The Parable of the Ten Apples

First, let me give credit where it’s due.  This isn’t my story.  I stole it from Rev. Phil Stenberg, who used to offer this little parable every year on Stewardship Sunday as the children’s sermon. I publish this story here so that the first paragraph of my sermon, “Ten Per Cent Return” makes sense. It needs props: ten apples. They need to be small, but not too small.

So, here’s the parable, as I received it from Phil, along with instructions for telling it:

Once upon a time, there was a man who had nothing … and God gave him ten apples.  He gave him three apples to eat, three to trade for shelter from the sun and rain, and three apples to trade for clothing to wear. He gave him one apple so that the man might have something to give back to God to show his gratitude for the other nine.
The man ate three apples (distribute apples to three children).  He traded three for a shelter from the sun and the rain (distribute these, too). He traded three for clothing to wear (hand out three more apples). Then he looked at the tenth apple.  It seemed bigger and juicier than the rest.  He knew that God had given him the tenth apple so he could return it to God out of gratitude for the other nine.  But the tenth apple looked bigger, and juicier than the rest.  And he reasoned that God had all the other apples in the world …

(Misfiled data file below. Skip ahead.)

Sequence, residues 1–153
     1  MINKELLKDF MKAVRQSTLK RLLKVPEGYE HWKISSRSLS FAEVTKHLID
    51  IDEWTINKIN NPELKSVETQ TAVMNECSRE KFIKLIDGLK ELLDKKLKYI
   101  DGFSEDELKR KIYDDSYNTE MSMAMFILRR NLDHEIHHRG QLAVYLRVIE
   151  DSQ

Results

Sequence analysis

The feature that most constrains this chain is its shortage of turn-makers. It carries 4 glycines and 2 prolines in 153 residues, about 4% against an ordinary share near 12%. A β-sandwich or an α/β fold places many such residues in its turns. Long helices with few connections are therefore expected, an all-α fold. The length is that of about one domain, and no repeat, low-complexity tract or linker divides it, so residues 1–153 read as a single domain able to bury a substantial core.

so the man ate the tenth apple

(this is where you must actually eat the apple as the children watch)

– and gave God back the core.

(Place the apple core in a prominent place, where it can be seen throughout the remainder of the worship service.)

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